“Combining five outstanding instrumentalists from Scotland, Ireland, England and the Isle of Man, each with early roots in Irish music, their sound centres on a brilliantly melodious frontline of uilleann pipes, fiddle and concertina, and an essentially no-frills approach to trad-based material” The Scotsman.
Avalanche is Ímar’ second studio album and is like a turbo charged version of the first but with a vast range of dynamics, both moments of beauty and power. A strong album that is going to make for an incredible show on tour.
There are many reasons to be excited about the Glasgow-based five-piece Ímar – not least a line-up featuring current and former members of Manran, RURA, Talisk, Barrule, Cara & Mec Lir whose collectively crammed trophy-cabinet includes several BBC Radio 2 Folk Awards and All-Britain/All-Ireland titles. By far the best and biggest reason, however, is how excited the band are themselves.
Two of the band are Manxmen – fiddler Tomás Callister and bouzouki ace Adam Rhodes. Flautist and whistle player Ryan Murphy is from Ireland. Bodhrán player Adam Brown, hails from Suffolk. Concertina player Mohsen Amini, is from Glasgow.
“We all have a really strong shared background in Irish music – even though we all live in Glasgow and only Ryan’s actually from Ireland,” Brown says. These foundations underpin many of Ímar’s distinctive qualities, in both instrumentation and material, while also highlighting the cyclical evolution of Scotland’s wider folk scene. Go back a couple of decades or so, and Irish repertoire still predominated at many Scottish sessions and gigs, whereas today Ímar’s sound stands out boldly from the crowd.
“You won’t often hear anyone in Glasgow playing slides and polkas”
Besides being an Anglo-Iranian Scot playing Irish music on the concertina, BBC Radio 2 Musician Of The Year Award Winner, Mohsen Amini is also surely unique, among that instrument’s exponents, in citing the contemporary classical pianist/composer Ludovico Einaudi and celebrated film composer Hans Zimmer among his key musical influences. As this suggests, he has built on his traditional roots to develop a strikingly individual style, blending elements of Scottish, Irish and Breton music.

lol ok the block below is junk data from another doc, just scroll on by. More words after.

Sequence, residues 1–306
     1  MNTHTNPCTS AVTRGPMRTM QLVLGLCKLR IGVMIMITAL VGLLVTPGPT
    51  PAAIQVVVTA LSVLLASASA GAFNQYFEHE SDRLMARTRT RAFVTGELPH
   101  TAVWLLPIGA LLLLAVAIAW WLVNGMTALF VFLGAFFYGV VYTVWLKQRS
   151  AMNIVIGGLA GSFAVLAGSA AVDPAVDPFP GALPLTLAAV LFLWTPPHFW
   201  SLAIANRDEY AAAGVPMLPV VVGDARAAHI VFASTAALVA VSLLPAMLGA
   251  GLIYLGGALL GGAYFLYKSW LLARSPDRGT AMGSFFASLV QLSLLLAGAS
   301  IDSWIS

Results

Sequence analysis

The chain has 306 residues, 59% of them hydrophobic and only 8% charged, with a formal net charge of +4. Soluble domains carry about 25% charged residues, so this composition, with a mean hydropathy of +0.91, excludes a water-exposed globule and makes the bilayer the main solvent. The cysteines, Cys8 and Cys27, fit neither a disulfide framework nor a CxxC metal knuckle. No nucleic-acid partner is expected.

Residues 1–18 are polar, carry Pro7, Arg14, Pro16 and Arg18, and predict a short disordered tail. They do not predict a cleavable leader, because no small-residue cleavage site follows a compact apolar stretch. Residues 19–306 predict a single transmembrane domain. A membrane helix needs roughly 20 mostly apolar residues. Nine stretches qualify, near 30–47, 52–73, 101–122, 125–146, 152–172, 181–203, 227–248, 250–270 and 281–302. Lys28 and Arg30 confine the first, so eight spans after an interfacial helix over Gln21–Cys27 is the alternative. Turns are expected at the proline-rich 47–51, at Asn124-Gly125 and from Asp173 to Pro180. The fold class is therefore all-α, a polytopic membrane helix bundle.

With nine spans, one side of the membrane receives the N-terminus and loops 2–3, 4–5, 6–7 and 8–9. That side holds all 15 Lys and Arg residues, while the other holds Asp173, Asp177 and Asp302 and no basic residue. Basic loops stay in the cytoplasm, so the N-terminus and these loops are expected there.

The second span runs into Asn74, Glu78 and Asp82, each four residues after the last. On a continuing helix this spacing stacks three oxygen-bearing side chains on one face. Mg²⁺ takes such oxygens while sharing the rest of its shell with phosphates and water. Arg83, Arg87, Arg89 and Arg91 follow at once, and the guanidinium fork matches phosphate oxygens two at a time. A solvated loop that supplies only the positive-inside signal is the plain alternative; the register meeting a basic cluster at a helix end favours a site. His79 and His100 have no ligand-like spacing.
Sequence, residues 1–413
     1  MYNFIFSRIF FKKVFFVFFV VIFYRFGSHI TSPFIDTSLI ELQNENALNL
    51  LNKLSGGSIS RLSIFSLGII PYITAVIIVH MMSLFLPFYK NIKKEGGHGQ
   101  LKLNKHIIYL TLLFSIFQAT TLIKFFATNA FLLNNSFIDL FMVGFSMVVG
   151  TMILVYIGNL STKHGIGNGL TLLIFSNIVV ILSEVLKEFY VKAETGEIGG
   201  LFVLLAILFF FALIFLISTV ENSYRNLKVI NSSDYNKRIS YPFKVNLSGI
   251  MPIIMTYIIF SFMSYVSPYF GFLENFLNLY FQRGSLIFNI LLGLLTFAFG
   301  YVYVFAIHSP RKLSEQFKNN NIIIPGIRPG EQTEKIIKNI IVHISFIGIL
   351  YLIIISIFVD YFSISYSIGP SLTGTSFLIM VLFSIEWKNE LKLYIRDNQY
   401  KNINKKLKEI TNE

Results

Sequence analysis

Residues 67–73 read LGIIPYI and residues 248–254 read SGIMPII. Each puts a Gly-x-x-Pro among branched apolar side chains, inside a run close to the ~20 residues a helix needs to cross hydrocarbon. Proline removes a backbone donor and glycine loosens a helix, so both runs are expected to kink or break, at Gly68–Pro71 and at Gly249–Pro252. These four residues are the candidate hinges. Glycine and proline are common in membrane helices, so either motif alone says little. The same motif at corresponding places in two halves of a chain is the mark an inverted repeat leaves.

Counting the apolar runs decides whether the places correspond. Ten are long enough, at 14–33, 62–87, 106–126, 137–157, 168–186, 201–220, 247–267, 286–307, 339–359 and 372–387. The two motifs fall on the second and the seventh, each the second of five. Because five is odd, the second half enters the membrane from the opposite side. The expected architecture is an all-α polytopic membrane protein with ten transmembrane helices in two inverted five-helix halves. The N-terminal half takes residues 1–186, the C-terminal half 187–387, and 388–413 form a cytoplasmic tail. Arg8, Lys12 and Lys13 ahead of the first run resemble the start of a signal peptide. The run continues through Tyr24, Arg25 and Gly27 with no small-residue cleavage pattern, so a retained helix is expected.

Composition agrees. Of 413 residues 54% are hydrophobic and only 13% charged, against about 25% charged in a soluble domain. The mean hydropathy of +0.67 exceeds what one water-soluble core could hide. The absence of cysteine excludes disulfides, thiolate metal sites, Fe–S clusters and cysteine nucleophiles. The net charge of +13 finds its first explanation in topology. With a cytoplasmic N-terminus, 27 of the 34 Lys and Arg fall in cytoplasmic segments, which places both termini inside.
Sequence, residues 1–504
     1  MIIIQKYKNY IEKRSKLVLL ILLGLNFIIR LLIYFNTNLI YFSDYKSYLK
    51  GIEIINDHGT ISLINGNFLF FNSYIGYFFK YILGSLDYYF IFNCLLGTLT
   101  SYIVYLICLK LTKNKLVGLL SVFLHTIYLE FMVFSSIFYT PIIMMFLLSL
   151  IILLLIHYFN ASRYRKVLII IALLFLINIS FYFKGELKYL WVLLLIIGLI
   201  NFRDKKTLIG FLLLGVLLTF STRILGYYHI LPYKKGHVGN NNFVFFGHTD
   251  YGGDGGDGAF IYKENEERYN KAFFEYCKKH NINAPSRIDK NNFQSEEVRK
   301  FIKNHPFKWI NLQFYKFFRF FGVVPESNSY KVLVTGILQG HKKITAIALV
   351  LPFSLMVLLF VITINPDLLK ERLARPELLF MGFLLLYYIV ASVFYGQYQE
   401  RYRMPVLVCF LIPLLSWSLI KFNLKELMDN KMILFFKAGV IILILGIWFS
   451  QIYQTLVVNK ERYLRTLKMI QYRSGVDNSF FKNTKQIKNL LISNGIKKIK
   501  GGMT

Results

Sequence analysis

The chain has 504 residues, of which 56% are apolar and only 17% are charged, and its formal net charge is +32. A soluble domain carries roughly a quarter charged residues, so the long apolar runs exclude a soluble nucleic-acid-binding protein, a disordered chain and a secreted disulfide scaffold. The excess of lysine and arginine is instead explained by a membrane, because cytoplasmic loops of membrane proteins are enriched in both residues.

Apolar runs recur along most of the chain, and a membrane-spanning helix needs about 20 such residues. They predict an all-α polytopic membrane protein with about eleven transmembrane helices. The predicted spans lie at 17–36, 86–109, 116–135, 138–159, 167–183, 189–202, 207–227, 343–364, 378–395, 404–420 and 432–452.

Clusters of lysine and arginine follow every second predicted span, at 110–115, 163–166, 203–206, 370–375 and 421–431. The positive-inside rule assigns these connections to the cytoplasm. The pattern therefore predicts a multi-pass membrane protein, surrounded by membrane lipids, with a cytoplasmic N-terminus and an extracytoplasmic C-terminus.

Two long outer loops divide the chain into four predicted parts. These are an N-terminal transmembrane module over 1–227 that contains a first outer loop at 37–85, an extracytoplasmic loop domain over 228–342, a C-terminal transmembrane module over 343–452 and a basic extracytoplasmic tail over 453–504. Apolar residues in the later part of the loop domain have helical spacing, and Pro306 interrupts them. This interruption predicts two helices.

“it’s great having no fixed parameters – we’re just seeing what happens”
It’s this combined commonality and diversity of background and influences that fuels Ímar’s unmistakable synergy, centered on the overlapping cultural heritage between Scotland, Ireland and the Isle of Man. All three places once shared the same Gaelic language – the name Ímar comes from a 9th-century king who reigned across this combined territory – and a similar kinship endures between their musical traditions.
“there’s also an infectious, raw boisterousness and spontaneity in the playing – and a winning informality in the presentation”. The Herald
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